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Support SAFE Vaquita

By Gillian Cannataro
min read

SAFE: Saving Animals From Extinction combines the collective expertise of Association of Zoos and Aquariums-accredited facilities to save vulnerable wildlife species from extinction.

The vaquita is the world’s most endangered marine mammal, threatened by entanglement in gill nets which are used to capture Totoaba for sale of its bladder in the illegal wildlife trade. It is estimated there are only 10-to-15 vaquitas remaining. However, a survey conducted in late fall 2019 revealed three pairs of mothers and calves, and two other adult vaquitas, indicating that the species persists and is breeding.

The International Committee for the Recovery of the Vaquita (CIRVA), of which SAFE is a part, is a team of scientists established by the government of Mexico. In 2019, combined efforts that support vaquita conservation removed and destroyed over 1,720 gill nets from the Vaquita Refuge in the Upper Gulf of California and almost 1,400 pieces of illegal fishing gear. The removal of which also benefits incidental catch species including sea turtles.

The solution to vaquita recovery is more complex than removing gill nets and illegal fishing gear. To be successful, all stakeholders must work in concert to ensure coexistence between people, wildlife, and ecosystems, and only then will the species of the Upper Gulf, and the vaquita, thrive.

In 2019, the SAFE vaquita team led the efforts of nearly a dozen zoos and aquariums across the country to celebrate International Save The Vaquita Day. This included organizing the Save the Vaquita postcard campaign, in which five AZA member facilities (The Living Desert in Palm Desert, Calif.; Aquarium of the Pacific in Long Beach, Calif.; The Wilds in Powell, Ohio; El Paso Zoo in El Paso, Texas; and Texas State Aquarium in Corpus Christi, Texas) and program partners engaged their visitors to sign and send postcards to the embassy in El Paso. Almost 20,000 signed postcards were delivered with messages to the President of Mexico encouraging him to continue to conserve the vaquita.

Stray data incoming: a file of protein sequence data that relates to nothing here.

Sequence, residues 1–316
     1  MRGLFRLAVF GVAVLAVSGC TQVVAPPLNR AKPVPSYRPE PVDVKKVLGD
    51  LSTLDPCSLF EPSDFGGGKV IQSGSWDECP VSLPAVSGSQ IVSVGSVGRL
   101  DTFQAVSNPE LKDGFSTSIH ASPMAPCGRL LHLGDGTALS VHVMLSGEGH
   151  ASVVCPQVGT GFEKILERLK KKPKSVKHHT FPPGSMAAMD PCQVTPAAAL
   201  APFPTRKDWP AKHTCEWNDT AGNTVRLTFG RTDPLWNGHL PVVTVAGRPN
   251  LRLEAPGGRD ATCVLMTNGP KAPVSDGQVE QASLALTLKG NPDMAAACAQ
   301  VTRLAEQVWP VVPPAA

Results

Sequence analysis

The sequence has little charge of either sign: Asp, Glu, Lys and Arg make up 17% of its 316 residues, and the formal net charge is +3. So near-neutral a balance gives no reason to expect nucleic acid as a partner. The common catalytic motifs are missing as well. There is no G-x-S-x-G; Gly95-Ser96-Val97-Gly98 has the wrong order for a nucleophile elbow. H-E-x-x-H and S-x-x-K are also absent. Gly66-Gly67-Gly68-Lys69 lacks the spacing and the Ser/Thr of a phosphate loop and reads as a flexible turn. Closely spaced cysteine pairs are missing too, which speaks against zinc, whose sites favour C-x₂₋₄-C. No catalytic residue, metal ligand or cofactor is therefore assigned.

In January 2020, SAFE vaquita was awarded funding from AZA’s SAFE Granting Program to conduct a series of workshops to promote information exchange with the fishermen and law enforcement in San Felipe, Mexico, in hopes that open dialogue will further the creation of sustainable fisheries in the Upper Gulf.

Great strides are being made to support the survival of the world’s smallest cetacean. SAFE vaquita encourages members of the AZA community to take action to prevent the demise of this species. Please contact the SAFE program at or to learn how you can become a SAFE vaquita program partner.

Gillian Cannataro is the conservation and science intern at AZA.

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